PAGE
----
interrogative determiners: which and what

 

We use "which" as a determiner to ask a question about a specific group of people or things:

Which restaurant did you go to?
Which countries in South America have you visited?

When we are asking a general question we use "what" as a determiner:

What films do you like?
What university did you go to?

Comments

What about if i live in England and what will the question if somebody wants to know my city. Will the question be: what city or which city? Thanks in advance

Hello Bassnanga,

That really depends on how the person asking the questions perceives the situation. If you've just talked about different cities, for example, 'which' (as the explanation above indicates) would be used since the topic of cities has already been mentioned. If, on the other hand, the topic of where you live hasn't been mentioned, 'what' would be used.

Best wishes,
Kirk
The LearnEnglish Team

hi i have a question that we can have full file as grammar to print it and use it when we haven't PC . if is possible how and where can i have it . thanks for your attention

Hello abbas,

I'm afraid that our Grammar Reference is not available in a printable format, but if you have a smartphone or tablet, there are several free apps designed for improving your grammar knowledge. For example, there's our LearnEnglish Grammar app - but be sure to look on our Apps page for a complete listing. 

All the best,
Kirk
The LearnEnglish Team

Sir, i can read & understand meaning of a particular sentence, but i can't write the same sentence individually. what i do make a sentence correct ?

Hello K Balamurugan,

I'm afraid I'm not sure I understand what you mean. Perhaps it would help for you to break the sentences into meaningful chunks - this could help you understand how the pieces fit together.

For example, the sentence 'We have taken 70 wickets in seven matches and bowled out the opposition every time, so we know what we need to do. We are ready for anything we get' (from the BBC) can be broken into parts in different ways, but here's one: 'We have taken' (subject and verb), '70 wickets' (object of verb), 'in seven matches' (time expression), 'and bowled out the opposition' (second verb and object), 'every time' (time expression), 'so' (connecting conjunction), 'we know' (subject and verb), 'what we need to do' (relative pronoun + subject and verb + infinitive).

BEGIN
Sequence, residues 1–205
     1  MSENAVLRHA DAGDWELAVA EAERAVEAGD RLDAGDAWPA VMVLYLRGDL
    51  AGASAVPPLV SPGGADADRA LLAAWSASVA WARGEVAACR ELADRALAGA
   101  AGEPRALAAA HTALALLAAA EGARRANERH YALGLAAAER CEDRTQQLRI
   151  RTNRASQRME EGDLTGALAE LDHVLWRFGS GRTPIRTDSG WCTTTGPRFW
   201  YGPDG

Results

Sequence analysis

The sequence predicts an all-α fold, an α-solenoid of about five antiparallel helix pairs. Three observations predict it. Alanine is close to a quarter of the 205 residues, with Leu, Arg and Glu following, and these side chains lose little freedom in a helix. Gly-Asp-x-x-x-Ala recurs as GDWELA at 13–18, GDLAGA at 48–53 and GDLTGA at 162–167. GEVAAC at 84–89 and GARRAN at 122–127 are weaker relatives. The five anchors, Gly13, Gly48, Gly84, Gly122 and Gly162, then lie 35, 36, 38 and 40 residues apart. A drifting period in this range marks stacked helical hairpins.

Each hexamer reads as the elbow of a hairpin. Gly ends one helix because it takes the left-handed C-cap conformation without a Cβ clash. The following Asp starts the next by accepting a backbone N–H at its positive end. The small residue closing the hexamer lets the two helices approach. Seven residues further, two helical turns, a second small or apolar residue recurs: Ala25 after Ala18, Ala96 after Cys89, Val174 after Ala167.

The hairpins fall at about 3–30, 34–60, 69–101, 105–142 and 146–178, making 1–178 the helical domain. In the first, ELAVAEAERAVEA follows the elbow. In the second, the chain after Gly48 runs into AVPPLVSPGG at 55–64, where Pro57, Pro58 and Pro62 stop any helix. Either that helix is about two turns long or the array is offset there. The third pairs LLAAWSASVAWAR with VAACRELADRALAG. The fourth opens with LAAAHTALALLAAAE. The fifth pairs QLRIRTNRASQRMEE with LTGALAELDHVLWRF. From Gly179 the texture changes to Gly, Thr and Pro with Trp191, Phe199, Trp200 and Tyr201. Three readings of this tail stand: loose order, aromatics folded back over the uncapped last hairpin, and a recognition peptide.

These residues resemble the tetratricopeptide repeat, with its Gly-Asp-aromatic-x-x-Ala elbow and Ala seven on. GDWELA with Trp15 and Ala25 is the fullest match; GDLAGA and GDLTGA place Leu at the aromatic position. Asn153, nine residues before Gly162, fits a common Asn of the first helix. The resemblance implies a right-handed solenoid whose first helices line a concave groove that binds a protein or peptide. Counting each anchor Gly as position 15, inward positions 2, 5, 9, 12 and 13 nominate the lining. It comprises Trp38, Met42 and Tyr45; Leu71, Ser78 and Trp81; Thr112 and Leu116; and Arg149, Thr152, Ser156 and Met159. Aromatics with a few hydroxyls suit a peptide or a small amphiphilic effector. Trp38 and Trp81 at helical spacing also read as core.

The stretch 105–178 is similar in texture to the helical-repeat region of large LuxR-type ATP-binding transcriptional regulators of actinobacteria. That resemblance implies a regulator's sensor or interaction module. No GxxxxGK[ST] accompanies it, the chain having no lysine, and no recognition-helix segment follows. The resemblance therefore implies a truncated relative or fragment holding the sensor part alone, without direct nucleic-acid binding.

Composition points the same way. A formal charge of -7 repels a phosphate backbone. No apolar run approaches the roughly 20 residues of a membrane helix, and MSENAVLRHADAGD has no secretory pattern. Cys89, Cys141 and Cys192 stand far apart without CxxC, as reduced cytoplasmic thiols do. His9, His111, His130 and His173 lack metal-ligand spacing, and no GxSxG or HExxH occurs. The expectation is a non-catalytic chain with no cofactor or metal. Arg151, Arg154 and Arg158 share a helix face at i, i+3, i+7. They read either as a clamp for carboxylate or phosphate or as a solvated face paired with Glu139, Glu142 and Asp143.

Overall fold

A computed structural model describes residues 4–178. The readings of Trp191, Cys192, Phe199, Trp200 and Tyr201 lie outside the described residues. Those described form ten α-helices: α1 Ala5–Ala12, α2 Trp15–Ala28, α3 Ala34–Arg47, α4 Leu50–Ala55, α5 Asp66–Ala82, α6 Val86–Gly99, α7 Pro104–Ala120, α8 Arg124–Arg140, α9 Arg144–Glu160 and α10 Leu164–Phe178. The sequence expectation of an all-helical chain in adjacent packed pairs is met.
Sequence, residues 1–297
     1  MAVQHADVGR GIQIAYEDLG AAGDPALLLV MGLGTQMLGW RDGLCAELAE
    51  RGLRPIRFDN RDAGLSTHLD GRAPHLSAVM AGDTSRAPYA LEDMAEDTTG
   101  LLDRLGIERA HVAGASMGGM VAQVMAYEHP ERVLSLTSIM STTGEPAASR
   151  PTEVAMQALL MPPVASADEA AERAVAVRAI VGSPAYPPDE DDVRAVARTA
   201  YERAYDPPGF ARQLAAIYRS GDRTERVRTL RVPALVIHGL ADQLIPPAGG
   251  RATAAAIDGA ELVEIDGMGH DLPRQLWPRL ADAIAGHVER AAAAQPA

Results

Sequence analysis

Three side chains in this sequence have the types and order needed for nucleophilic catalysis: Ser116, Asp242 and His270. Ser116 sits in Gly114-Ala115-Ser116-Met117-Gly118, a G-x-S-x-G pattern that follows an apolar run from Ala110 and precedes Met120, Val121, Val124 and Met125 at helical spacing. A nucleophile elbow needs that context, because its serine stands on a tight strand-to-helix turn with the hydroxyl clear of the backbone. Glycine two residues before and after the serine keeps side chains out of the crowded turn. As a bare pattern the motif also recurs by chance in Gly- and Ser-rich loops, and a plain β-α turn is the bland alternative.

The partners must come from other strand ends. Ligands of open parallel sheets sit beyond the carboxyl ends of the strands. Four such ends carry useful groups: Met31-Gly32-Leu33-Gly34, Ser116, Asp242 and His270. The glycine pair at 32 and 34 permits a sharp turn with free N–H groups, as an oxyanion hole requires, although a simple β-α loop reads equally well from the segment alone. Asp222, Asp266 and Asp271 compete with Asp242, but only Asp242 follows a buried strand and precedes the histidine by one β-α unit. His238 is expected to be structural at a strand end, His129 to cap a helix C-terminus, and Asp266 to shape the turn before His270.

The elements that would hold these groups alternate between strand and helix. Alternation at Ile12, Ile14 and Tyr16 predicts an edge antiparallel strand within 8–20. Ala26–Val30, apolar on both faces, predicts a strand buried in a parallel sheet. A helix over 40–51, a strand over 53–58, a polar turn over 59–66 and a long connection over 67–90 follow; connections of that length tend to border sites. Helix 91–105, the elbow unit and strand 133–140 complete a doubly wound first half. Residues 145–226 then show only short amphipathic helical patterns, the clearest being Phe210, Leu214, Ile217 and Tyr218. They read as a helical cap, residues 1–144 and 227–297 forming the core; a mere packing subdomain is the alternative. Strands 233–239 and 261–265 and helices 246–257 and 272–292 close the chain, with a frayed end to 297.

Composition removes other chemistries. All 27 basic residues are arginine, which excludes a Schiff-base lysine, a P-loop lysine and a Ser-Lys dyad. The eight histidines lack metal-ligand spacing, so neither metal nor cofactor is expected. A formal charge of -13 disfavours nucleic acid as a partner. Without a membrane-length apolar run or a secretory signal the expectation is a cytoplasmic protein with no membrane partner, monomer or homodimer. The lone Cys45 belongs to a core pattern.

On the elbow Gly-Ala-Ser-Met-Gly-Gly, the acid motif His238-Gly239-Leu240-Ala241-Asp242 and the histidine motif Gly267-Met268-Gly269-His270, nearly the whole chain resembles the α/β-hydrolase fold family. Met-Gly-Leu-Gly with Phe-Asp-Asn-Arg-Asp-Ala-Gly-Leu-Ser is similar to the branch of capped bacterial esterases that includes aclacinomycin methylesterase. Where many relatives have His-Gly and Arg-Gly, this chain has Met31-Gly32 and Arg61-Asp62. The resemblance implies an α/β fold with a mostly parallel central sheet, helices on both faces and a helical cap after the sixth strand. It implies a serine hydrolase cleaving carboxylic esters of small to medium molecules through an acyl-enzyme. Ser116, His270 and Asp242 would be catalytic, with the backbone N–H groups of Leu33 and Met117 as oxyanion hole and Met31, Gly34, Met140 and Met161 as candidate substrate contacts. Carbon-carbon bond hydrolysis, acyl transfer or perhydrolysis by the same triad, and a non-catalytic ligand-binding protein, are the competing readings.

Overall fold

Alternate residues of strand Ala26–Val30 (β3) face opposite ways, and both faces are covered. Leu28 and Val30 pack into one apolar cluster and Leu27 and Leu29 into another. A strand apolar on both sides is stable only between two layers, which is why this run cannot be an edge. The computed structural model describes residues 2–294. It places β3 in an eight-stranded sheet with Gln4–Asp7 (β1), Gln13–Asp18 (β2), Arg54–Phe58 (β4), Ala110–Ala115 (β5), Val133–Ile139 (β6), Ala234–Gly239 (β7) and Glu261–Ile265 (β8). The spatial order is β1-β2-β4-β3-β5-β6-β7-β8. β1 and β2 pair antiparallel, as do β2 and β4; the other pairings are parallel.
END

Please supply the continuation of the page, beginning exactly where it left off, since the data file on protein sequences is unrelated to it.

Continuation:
I hope this gives you some ideas.

Best wishes,
Kirk
The LearnEnglish Team

Hi mesuuakan,

We are often asked how a person can improve speaking, but it's hard to give specific advice without knowing how they speak at the moment. However, there are some general suggestions that I can make which will help you to improve over time. The most important thing you can do is to speak English as often as possible. To do this a partner is very helpful, so think about the people you know and consider if any of them could be a practice partner for you. It may be that you know someone else who is also learning English and who would like to practise with you, or perhaps you know some people who do not speak your language but do speak English. However, if you do not have a practice partner it does not mean that you cannot practise because it is possible to practise alone. Just speaking English to yourself while you are at home, going about your normal daily activities, can help a great deal with your fluency and can help you to feel more confident, which will help you to cut down your hesitating.

You can also use the audio and video materials here on LearnEnglish to improve your fluency. After doing the exercises, try listening with the transcript (listening and reading). Then try saying the text yourself, and finally try saying it with (and at the same speed as) the recording. This will help you to develop speed in your speech, which is a key component of fluency. You'll also pick up a lot of language as chunks - words which are often used together in set phrases - which you can use to communicate with less hesitation.

I hope those suggestions are helpful.

Best wishes,

 

Peter

The LearnEnglish Team

can you say 'which university did you go to ?' just like ' which restaurant did you go to ?'

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